Working with mice, a multicenter team of researchers has found a new way to reduce the abnormal blood vessel growth and leakage in the eye that accompany some eye diseases. The finding could lead to the development of new drugs for wet macular degeneration and diabetic macular edema.
The team reports their findings in the Sept. 2 issue of The Journal of Clinical Investigation.
The current standard of clinical care for wet macular degeneration and diabetic macular edema is repeated injections into the eye of antibodies against a protein called VEGF. Each injection costs thousands of dollars. This study revealed a way to indirectly mitigate the bad effects of VEGF by activating a biochemical chain of events, or pathway, that suppresses the protein.
This indirect way of reducing VEGF's effects is not as dangerous as directly blocking the protein. Antibodies that block VEGF must be injected into the eye to minimize side effects to the rest of the body, such as stroke. But a drug with the indirect action identified in this study could potentially be injected under the skin with relative safety, the researchers say. Patients could thus give themselves the drug, potentially reducing the need for frequent clinic visits and injections in the eye. The study also indicates that people with particularly severe disease may have a much better outcome if the current eye injections are combined with type of skin injections reported on in this study, the researchers say.
"We've known for several years that activating the Tie2 pathway that indirectly suppresses the effects of VEGF had great potential, and the new approach we tested in this study provides a great way to take advantage of that," says Peter Campochiaro, M.D., the George S. and Dolores D. Eccles Professor of Ophthalmology at the Johns Hopkins University School of Medicine and a faculty member at the Wilmer Eye Institute at Johns Hopkins. "This new agent not only makes blood vessels in the eye less responsive to VEGF, but it also reduces leakage caused by other proteins that are active in eye diseases."
Working with mice genetically engineered to have vascular eye diseases, the team treated some with injections into the eye of an antibody that blocks an enzyme called VE-PTP. VE-PTP normally suppresses the pathway that reduces blood vessel growth and leakage, so the net effect was to activate the pathway.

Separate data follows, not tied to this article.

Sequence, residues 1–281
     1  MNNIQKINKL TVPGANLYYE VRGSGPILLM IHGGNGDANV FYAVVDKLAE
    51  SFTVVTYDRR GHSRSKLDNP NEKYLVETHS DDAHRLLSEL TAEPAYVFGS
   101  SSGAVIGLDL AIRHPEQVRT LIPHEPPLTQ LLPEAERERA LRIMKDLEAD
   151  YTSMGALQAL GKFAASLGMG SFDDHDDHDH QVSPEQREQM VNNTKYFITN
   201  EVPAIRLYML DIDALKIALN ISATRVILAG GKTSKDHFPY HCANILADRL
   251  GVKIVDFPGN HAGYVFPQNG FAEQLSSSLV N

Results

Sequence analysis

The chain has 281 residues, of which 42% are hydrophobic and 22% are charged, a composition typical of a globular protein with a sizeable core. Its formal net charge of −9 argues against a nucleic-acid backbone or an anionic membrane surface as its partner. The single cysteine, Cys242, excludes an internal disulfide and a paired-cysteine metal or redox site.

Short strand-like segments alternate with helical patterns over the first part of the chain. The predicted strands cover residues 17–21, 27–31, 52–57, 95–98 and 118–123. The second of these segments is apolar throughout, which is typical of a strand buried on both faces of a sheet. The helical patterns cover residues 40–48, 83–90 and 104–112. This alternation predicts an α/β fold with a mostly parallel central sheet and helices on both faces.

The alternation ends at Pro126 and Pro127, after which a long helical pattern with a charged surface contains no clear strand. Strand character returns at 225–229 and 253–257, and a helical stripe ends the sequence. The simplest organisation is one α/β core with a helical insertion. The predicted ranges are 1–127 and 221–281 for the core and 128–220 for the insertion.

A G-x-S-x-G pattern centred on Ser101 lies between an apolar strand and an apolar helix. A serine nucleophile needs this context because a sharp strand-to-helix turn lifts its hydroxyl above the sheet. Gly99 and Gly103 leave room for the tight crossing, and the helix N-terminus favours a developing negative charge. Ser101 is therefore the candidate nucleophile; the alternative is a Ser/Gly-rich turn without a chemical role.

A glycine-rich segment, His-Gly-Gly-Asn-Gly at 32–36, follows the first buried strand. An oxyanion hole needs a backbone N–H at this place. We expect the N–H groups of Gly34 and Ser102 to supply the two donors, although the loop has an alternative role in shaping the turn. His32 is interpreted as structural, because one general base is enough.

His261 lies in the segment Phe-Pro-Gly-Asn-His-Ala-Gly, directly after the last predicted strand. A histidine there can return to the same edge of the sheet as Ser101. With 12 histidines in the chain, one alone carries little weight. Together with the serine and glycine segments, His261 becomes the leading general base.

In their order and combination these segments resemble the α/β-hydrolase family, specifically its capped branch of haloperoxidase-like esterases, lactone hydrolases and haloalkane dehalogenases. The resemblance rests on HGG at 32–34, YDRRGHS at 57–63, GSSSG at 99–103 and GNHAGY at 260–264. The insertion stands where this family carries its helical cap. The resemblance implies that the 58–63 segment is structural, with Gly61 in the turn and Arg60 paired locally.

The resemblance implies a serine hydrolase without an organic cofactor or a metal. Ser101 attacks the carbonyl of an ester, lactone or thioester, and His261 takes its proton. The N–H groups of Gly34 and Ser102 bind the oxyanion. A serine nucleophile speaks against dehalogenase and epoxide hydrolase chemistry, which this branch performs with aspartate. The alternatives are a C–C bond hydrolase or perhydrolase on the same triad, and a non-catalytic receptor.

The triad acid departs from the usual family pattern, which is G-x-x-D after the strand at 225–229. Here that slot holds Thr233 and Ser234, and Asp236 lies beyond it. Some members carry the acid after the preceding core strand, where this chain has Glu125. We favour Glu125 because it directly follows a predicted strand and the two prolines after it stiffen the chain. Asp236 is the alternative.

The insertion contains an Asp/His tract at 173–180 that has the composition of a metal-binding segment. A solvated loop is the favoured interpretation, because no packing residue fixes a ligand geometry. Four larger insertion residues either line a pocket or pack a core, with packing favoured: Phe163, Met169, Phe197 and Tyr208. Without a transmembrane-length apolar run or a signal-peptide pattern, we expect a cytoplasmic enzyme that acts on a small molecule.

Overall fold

The second method involved the use of a small molecule, AKB-9778, developed by Aerpio Therapeutics, which also blocks VE-PTP. Because of its size, AKB-9778 can easily enter the eye from the bloodstream, and the indirect action appears not to carry the same risks to the body as directly blocking VEGF, Campochiaro says. "If further studies show that the small molecule is safe and effective for people, patients could give themselves an injection under the skin every day," he says. "Our studies in animals so far suggest it doesn't have major side effects." If confirmed in clinical studies, this could reduce the need for patients to come in frequently to get injections in the eye. He says AKB-9778 may have the additional benefits of stabilizing blood vessels in other parts of the body and lowering blood pressure.
An estimated 2 million people in the United States suffer from age-related macular degeneration, with the incidence expected to rise to 3.5 million by 2030 and to 5.5 million by 2050. Roughly 20 percent of patients with age-related macular degeneration suffer from abnormal blood vessel growth and vascular leakage, says Campochiaro, and so may be helped by this new therapy, if it proves to work in clinical trials. An equally large number of patients have diabetic macular edema and could also potentially benefit from the treatment. The incidence of these diseases is increasing very quickly, because our population is aging and the number of patients with diabetes is increasing so rapidly, he says.
The finding could also have implications for other diseases, Campochiaro notes, because VE-PTP is a phosphatase, a type of enzyme that had never before been blocked with therapeutic effect. Targeting other members of this common family of enzymes might also prove beneficial, he says.
|Contact: Taylor Graham|
Johns Hopkins Medicine